Cross Orbweaver Spider

The cross orbweaver was probably introduced from Europe. This showy orbweaver is commonly encountered next to buildings with exterior lighting.
Cross Orbweaver Spider - Articles

Updated:

Mohammed El Damir, Bugwood.org

Araneidae—Orbweavers

(Araneus diadematus)


Araneus diadematus immature. Photo by Steven Jacobs, Penn State Extension

The cross orbweaver was probably introduced from Europe, where it has been studied at some length. While a showy orbweaver, it is commonly encountered on or next to buildings with exterior lighting, including lighted stairwells of structures in more rural settings. It is known from Pennsylvania north throughout New England, throughout Canada, and then south into Washington and Oregon.

Description

Adult females range in length from 6.5 to 20 millimeters, and the males are 5.5 to 13 millimeters long. The color varies greatly from specimen to specimen. Generally, the smaller and/or younger individuals are darker, while the adult females are lighter. The background color is yellow to brown with two wavy or scalloped longitudinal lines (folium). There are several white or yellow spots within and around the folium. Four elongated spots appear toward the anterior end of the abdomen, creating what appears to be a cross. As with the banded garden spider, the carapace has three dark longitudinal lines or bands.

Life History/Behavior

The adults are found from late summer through autumn. In late September, the females leave their webs and seek out protected locations to deposit between 300 to 900 eggs. The eggs are enclosed within a cocoon of yellow, silken threads, shaped in a hemisphere. Typical egg deposition sites include under the bark of dead trees and in cracks and crevices.

Medical Importance

Verified bites by this species are reported to produce a range of symptoms, including pain, swelling, and redness. Systemic reactions include anxiety, nausea, headache, and muscle cramps, but not all individuals have the same reactions. Symptoms/reactions can last from two days to three weeks.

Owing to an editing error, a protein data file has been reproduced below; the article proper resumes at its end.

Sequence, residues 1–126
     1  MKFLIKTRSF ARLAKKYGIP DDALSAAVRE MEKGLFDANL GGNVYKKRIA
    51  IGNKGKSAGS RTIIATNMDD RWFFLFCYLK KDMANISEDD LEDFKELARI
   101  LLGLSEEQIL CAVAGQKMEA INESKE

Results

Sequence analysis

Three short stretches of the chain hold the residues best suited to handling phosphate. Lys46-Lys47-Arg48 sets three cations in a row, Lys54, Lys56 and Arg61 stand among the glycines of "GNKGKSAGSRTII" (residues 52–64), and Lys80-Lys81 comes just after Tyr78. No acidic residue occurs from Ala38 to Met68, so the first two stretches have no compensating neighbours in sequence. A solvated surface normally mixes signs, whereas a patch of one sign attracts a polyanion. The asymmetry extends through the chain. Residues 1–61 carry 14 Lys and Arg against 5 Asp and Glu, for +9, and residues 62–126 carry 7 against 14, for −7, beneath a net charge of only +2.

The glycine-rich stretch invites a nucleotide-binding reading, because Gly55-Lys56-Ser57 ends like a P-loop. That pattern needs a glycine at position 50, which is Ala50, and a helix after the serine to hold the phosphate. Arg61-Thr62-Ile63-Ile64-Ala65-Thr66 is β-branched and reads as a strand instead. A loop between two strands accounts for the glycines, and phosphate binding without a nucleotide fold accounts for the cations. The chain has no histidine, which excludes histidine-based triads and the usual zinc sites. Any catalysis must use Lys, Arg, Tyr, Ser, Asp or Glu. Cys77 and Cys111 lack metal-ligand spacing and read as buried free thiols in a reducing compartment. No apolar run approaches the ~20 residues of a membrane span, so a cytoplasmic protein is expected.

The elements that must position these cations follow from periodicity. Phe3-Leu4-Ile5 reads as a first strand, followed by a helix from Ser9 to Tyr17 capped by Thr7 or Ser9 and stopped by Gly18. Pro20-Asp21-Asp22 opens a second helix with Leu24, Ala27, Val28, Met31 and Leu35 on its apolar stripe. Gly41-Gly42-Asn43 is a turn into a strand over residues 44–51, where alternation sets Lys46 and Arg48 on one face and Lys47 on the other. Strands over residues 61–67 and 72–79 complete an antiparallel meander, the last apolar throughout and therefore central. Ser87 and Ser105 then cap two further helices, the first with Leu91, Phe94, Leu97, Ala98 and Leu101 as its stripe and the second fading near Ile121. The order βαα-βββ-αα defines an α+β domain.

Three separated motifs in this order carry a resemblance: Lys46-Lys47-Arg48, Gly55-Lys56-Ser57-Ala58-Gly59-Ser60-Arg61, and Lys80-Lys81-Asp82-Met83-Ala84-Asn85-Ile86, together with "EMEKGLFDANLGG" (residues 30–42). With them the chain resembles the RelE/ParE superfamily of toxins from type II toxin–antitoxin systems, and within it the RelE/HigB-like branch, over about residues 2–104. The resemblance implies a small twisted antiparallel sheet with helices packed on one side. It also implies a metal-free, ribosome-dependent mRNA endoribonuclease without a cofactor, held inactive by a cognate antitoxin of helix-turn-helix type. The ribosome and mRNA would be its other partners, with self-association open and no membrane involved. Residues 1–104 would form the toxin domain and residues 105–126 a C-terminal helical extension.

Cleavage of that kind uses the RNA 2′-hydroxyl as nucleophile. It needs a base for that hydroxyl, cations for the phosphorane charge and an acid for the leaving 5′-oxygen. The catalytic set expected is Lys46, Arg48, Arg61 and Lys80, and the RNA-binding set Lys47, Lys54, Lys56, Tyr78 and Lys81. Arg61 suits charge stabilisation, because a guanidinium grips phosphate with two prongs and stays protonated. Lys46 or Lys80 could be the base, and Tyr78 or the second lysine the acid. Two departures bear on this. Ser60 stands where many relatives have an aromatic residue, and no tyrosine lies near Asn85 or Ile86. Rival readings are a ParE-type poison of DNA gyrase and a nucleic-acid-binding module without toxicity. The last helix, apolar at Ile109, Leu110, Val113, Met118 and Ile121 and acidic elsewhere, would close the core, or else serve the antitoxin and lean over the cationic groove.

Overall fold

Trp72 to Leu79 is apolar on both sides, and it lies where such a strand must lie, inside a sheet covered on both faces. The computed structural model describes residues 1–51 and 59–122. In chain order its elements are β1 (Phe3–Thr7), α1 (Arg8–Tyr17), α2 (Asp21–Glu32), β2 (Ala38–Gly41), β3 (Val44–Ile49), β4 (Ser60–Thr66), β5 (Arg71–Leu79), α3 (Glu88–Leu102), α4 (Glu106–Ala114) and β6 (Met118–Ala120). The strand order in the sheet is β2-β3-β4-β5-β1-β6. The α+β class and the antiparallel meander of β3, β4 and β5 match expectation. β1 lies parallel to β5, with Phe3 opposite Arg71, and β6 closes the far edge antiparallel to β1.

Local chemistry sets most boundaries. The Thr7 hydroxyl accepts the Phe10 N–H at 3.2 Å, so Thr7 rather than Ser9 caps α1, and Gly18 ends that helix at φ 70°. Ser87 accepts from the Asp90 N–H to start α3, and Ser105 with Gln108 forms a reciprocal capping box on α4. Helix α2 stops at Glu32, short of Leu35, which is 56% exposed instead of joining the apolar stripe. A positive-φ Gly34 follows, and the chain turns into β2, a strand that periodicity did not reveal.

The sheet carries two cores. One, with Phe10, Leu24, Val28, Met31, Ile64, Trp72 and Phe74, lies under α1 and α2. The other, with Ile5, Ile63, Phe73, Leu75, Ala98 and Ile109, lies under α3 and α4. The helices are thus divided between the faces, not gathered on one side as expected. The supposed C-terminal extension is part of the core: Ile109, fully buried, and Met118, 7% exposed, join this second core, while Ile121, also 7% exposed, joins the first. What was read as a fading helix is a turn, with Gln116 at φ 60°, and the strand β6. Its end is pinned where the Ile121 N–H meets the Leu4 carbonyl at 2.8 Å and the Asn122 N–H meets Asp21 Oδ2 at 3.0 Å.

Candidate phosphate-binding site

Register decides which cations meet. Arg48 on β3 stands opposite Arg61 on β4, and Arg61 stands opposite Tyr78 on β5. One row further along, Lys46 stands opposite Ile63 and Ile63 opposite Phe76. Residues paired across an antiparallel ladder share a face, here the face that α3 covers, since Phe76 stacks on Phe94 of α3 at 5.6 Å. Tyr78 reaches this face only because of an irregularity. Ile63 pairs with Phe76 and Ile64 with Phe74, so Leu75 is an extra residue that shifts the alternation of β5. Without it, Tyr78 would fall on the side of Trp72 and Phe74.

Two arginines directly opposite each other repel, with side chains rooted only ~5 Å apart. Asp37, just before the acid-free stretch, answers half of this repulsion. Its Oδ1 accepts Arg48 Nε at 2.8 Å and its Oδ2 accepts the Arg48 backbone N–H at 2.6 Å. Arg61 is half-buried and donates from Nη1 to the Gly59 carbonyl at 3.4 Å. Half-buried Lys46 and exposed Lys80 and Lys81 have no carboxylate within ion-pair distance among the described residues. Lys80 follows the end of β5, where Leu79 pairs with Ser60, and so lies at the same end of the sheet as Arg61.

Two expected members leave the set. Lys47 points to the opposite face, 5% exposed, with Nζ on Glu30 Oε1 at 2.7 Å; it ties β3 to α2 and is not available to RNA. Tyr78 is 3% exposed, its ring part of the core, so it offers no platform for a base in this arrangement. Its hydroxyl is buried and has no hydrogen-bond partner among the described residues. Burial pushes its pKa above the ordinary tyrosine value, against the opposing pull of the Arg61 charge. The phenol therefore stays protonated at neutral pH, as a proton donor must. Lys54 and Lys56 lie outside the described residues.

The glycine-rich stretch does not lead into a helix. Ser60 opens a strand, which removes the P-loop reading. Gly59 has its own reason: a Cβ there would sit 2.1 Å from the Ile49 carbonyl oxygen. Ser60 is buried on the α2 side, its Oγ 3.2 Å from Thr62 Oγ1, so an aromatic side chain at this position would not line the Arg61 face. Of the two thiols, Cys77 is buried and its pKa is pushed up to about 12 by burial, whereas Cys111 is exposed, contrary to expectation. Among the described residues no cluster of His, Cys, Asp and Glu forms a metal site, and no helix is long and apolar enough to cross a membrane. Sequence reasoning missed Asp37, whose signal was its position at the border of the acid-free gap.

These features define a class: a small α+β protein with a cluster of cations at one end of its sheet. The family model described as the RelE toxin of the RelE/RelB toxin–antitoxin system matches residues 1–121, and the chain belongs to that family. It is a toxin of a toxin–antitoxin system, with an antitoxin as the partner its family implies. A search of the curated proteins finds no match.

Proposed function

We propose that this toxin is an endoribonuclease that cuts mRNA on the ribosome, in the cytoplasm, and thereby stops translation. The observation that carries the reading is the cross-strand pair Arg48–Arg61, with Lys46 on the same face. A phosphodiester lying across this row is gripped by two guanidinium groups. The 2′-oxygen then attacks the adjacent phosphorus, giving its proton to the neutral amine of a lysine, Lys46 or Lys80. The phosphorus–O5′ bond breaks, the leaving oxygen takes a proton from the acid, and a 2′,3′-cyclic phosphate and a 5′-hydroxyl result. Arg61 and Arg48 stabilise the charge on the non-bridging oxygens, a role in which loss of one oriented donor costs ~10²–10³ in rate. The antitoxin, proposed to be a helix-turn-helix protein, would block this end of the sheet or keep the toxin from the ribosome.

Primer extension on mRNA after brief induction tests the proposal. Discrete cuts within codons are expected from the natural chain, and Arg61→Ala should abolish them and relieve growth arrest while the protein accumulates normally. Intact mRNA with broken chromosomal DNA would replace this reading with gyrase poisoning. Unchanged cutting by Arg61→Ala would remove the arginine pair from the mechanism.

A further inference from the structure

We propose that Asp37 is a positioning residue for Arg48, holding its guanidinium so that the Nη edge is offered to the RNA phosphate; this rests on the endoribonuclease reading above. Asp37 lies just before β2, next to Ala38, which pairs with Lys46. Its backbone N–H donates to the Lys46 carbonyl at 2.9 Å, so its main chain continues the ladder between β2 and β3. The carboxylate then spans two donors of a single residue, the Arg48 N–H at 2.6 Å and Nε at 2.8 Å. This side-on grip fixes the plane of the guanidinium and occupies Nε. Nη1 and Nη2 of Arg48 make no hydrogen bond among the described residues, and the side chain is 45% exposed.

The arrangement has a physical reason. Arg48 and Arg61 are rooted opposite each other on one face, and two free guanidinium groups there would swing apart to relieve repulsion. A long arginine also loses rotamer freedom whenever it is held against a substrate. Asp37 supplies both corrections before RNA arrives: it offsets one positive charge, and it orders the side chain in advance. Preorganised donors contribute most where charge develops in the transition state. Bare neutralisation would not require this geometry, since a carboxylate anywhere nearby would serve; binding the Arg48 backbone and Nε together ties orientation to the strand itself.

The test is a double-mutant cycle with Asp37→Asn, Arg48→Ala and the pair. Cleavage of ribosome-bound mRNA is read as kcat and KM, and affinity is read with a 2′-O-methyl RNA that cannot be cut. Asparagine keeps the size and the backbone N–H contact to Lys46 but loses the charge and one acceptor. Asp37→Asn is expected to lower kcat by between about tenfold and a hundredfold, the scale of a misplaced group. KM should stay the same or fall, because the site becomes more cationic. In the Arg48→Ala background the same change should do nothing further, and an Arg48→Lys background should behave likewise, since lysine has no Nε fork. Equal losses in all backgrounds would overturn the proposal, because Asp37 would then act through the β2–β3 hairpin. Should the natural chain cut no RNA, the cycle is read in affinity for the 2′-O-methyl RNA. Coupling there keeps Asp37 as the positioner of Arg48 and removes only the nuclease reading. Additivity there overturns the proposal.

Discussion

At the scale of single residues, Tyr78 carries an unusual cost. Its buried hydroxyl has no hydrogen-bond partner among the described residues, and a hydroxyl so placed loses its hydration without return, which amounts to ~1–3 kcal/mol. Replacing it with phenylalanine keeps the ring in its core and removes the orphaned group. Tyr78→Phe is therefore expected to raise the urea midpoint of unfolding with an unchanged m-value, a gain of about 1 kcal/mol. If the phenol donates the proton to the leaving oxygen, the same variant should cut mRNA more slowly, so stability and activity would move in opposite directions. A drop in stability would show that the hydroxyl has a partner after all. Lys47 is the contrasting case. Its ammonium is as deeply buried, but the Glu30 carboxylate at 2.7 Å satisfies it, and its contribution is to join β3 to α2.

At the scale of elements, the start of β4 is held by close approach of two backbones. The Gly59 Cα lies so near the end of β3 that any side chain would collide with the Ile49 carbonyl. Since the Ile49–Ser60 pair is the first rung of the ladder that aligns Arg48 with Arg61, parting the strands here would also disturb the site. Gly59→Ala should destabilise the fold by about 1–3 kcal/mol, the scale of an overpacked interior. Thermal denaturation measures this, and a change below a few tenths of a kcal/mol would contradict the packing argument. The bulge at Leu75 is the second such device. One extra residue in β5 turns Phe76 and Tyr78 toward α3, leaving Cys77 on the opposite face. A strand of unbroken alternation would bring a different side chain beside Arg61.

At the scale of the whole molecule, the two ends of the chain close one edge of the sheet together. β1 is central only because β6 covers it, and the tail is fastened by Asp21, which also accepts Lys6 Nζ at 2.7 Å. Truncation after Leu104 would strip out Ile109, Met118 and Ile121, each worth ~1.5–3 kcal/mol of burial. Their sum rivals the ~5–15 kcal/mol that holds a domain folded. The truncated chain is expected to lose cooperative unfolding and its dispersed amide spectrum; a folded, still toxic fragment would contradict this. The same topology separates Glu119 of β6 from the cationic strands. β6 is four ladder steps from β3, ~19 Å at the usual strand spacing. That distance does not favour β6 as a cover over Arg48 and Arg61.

Reference

Baerg, W. J. 1936. The Black Widow. Ark. Agr. Expt. Sta. Bul. 325. 34 pp.

Baerg, W. J. 1959. The Black Widow and Five Other Venomous Spiders in the United States. Ark. Agr. Expt. Sta. Bul. 608. 43 pp.

Bradley, R. A. 2013. Common Spiders of North America. University of California Press. 271 pp.

Breene, R. G., et al. 2003. Common Names of Arachnids. 5th ed. The American Arachnological Society Committee on Common Names of Arachnids. 42 pp.

Gertsch, W. J., and F. Ennik. 1983. “The spider genus Loxosceles in North America, Central America, and the West Indies (Araneae, Loxoscelidae).” Bul Amer Mus. Nat. Hist. 175: 24–360.

Herms, W. B., and M. T. James. 1961. Medical Entomology. 5th ed. The Mac-Millan Company, New York. 616 pp.

Howell, W. M., and R. L. Jenkins. 2004. Spiders of the Eastern United States: A Photographic Guide. Pearson Education. 363 pp.

Isbister, G. K., and M. R. Gray. 2003. “Effects of envenoming by comb-footed spiders of the genera Steatoda and Achaearanea (Family Theridiidae: Araneae) in Australia.” J. Toxicol. Clin. Toxicol. 41: 809–819.

Kaston, B. J. 1948. “Spiders of Connecticut.” Conn. State Geol. Nat. Hist. Survey. Bull. 70. 874 pp.

Kaston, B. J. 1972. How to Know the Spiders. 3rd ed. Wm. C. Brown Company, Dubuque, Iowa. 272 pp.

Levi, H. W. 1959. “The Spider Genus Latrodectus (Araneae, Theridiidae).” Trans. Amer. Microscopical Soc. 78(1): 7–43.

Long, D., R. Snetsinger, and K. F. Helm. 1995. “Localized Pruritic Rash Due to Recurrent Spider Bites.” J. Geriatr. Dermatol. 3(6): 186–190.

McKeown, N., R. S. Vetter, and R. G. Hendrickson. 2014. “Verified spider bites in Oregon (USA) with the intent to assess hobo spider venom toxicity.” Toxicon 84: 51–55.

Authors